A Fit Solution
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On World Epilepsy Day, neurologists in the city talk about the precautions and care required to control fits
Convulsion or 'fit' affects five per cent children. The child may fall to the ground, with rolling of eyes, frothing from mouth and twitching of arms and legs.
On Epilepsy Day (December 8), the Pediatric Neurology Clinic at Bharati Hospital that caters to about 3,000 children with epilepsy, conducted a special event to dispel several myths and create awareness about how the condition is treatable. According to Dr Sanjay Lalwani, Medical Director of the hospital, the theme of the event was "Caution with Care" and was aimed at generating awareness regarding epilepsy in children. While 52 children and parents attended the highlight was a skit in Marathi that covered various aspects important for the care of a child with epilepsy.
"Parents need to be counselled regarding maintaining a healthy lifestyle with adequate sleep, timely meals, limiting TV-watching and encouraging education and physical activity," say Dr. Surekha Rajadhyaksha and Dr. Kavita Srivastava. The clinic that has facilities for video EEG and 1.5 Tesla MRI to evaluate the children in detail for the type and cause of epilepsy. In children who are difficult to control on medicines, options such as ketogenic diet and surgical evaluation are also available, the doctors pointed out.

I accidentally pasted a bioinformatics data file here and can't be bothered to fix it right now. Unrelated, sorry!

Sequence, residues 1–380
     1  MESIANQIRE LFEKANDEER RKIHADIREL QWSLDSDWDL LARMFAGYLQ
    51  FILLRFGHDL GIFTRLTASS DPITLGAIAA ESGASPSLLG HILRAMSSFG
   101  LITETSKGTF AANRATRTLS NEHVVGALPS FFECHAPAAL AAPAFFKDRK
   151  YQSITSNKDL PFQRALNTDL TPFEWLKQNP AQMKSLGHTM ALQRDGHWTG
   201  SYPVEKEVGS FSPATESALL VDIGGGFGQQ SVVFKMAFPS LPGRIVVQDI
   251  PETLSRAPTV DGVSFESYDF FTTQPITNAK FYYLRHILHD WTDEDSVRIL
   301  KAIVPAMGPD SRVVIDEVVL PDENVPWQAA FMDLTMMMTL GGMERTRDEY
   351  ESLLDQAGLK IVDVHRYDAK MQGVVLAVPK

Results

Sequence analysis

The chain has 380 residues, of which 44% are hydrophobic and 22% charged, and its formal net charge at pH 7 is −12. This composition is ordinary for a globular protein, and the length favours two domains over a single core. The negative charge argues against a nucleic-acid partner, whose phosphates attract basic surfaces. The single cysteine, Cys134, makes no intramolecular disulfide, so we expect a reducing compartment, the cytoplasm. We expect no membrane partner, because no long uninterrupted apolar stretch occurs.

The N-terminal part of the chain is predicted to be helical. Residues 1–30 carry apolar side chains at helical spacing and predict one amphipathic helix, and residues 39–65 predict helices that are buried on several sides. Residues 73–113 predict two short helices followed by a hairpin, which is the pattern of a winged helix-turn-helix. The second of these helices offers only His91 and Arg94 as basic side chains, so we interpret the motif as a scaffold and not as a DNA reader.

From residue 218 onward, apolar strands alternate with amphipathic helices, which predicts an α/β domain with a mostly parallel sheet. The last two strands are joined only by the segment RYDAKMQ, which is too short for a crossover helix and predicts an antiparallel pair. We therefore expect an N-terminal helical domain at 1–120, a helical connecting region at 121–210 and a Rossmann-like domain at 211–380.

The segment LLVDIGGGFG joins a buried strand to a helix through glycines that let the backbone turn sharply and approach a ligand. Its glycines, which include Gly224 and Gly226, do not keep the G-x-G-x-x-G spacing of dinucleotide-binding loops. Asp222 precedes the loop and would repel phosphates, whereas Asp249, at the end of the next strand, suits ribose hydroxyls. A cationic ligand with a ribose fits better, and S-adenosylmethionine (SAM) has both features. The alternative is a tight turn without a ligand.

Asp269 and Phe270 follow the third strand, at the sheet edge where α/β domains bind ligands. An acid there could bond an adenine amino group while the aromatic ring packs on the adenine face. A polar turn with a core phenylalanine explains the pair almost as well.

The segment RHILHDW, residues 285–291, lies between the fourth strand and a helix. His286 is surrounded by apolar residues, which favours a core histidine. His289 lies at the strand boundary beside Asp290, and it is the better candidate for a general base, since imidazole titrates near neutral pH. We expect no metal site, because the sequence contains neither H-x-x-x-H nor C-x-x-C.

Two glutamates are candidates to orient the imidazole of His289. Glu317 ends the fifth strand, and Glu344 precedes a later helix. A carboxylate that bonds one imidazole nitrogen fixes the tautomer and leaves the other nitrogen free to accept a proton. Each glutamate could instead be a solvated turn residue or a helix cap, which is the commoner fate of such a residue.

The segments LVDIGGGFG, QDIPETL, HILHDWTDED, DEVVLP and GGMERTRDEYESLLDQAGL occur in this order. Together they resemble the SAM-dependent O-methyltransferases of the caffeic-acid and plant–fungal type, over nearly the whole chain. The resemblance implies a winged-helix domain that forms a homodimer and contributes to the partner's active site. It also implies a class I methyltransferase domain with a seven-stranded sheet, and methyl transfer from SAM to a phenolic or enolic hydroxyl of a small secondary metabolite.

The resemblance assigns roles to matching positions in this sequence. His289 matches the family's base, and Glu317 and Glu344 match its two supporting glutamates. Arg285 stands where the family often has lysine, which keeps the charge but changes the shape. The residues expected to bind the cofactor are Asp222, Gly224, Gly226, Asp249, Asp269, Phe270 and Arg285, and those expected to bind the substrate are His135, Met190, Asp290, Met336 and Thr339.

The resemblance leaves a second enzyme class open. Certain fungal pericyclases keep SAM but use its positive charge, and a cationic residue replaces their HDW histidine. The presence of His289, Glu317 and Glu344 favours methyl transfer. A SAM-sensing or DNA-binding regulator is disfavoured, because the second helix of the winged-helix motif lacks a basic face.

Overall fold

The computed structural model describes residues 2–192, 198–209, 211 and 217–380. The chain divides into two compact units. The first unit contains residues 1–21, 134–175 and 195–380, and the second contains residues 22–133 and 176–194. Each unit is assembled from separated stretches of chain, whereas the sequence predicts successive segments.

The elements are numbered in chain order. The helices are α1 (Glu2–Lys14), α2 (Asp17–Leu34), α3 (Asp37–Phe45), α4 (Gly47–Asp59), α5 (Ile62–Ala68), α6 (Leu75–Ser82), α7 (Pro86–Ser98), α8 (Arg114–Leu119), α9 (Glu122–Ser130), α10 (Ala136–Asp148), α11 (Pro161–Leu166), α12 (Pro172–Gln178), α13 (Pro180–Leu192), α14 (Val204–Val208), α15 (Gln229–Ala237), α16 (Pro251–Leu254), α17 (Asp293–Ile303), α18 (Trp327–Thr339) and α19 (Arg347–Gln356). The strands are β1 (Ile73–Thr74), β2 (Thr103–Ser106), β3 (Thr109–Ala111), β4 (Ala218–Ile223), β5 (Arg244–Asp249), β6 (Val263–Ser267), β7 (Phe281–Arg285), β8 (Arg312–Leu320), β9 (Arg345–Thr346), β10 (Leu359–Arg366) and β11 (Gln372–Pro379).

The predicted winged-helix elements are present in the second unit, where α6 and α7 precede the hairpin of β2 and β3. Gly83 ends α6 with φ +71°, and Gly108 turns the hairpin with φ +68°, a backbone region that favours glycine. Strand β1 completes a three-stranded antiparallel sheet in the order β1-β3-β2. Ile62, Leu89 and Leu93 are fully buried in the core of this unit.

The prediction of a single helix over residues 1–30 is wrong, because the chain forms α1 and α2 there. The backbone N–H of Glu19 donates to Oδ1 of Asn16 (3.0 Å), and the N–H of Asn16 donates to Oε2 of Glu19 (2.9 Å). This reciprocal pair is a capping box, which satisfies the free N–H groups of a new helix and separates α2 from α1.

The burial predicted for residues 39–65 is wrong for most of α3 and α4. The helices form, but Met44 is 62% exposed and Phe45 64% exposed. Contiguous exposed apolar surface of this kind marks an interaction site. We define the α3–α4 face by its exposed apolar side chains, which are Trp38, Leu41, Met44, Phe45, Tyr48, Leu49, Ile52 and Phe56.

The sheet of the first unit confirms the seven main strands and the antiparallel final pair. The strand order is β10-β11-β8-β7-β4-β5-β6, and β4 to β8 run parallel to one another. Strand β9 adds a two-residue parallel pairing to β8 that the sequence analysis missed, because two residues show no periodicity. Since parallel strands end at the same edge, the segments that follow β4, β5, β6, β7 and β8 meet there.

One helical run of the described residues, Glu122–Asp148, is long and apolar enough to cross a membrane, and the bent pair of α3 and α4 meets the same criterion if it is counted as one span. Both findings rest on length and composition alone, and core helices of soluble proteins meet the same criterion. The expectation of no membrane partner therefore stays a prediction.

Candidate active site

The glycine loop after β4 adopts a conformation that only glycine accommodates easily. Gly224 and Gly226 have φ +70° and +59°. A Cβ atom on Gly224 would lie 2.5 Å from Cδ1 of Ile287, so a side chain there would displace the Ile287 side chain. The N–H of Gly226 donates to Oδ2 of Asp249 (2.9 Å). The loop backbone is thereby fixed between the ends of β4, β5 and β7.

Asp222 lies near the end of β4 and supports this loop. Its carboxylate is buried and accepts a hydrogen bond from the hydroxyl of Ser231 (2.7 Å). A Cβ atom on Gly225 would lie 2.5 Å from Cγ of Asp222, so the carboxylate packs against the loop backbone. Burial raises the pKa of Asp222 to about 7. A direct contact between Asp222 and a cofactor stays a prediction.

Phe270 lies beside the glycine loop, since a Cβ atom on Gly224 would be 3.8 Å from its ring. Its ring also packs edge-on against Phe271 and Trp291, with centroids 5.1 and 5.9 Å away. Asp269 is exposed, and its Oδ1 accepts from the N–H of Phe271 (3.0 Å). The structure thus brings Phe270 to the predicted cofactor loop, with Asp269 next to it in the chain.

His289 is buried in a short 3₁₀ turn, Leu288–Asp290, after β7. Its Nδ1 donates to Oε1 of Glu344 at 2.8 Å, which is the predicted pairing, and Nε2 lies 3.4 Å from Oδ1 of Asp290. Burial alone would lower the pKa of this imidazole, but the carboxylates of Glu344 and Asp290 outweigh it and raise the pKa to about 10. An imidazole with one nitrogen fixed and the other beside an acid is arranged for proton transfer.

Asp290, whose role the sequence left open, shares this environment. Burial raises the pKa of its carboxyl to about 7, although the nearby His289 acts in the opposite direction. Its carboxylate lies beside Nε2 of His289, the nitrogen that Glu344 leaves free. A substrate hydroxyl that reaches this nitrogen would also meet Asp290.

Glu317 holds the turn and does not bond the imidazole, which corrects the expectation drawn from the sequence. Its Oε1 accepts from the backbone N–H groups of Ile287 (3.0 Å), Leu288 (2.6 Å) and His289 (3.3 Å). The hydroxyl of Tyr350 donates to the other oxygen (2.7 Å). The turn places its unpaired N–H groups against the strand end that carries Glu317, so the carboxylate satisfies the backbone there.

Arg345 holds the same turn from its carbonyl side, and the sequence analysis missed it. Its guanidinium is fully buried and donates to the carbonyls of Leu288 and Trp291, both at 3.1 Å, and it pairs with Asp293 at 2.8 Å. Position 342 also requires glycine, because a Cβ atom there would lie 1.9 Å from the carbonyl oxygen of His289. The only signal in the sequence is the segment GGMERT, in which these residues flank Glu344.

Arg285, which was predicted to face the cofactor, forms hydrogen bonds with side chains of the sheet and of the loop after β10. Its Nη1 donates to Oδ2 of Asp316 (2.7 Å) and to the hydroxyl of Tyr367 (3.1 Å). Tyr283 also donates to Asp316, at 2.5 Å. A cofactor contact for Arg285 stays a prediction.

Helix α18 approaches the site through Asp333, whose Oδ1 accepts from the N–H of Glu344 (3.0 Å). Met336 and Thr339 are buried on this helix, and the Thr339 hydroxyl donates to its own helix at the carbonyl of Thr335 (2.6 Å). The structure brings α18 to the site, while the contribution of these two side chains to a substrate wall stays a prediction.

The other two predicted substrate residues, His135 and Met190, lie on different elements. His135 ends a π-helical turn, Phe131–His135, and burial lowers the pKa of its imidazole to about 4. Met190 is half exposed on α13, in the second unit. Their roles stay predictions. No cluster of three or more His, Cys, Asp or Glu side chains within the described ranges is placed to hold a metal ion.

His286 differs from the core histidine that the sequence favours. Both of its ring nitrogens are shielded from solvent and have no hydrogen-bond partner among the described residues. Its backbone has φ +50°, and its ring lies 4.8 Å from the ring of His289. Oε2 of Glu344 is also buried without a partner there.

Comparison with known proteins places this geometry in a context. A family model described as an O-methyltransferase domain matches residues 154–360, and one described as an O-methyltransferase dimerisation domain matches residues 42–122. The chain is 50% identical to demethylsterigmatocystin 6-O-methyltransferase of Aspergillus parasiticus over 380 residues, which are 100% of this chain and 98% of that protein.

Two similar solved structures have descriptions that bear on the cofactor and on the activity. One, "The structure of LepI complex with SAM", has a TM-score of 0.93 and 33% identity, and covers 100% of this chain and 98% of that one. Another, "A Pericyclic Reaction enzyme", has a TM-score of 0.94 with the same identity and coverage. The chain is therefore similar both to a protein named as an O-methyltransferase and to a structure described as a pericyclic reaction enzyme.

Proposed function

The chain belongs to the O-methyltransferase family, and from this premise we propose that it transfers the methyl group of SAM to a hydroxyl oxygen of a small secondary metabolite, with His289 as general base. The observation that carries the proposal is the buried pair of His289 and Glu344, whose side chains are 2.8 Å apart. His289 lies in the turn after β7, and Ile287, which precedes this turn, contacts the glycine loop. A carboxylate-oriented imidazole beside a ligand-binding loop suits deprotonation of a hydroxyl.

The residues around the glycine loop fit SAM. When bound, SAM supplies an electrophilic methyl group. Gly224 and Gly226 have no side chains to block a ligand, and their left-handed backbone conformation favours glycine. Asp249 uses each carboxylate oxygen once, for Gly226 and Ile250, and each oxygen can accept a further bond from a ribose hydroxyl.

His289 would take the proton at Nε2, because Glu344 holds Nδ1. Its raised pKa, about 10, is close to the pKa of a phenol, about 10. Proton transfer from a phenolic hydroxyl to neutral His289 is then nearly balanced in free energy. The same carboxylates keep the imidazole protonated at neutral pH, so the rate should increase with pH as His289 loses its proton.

In older children, a cautious approach is advised while driving, swimming and travelling. If the epilepsy is well controlled, they can choose any career, can marry and have children like any other person. The parents and other contacts are counselled regarding the first aid to be given at the time of seizure. Lalwani stressed that the society needs to be educated about this common but frequently misdiagnosed condition as there are many myths surrounding this disease.
"The stigma causes psycho-emotional trauma and the parents try to hide the condition or are scared to seek appropriate care. It should be emphasised that this is not an infectious or transmissible disease. If diagnosed and treated, children with epilepsy can get educated and enjoy their life," he says.
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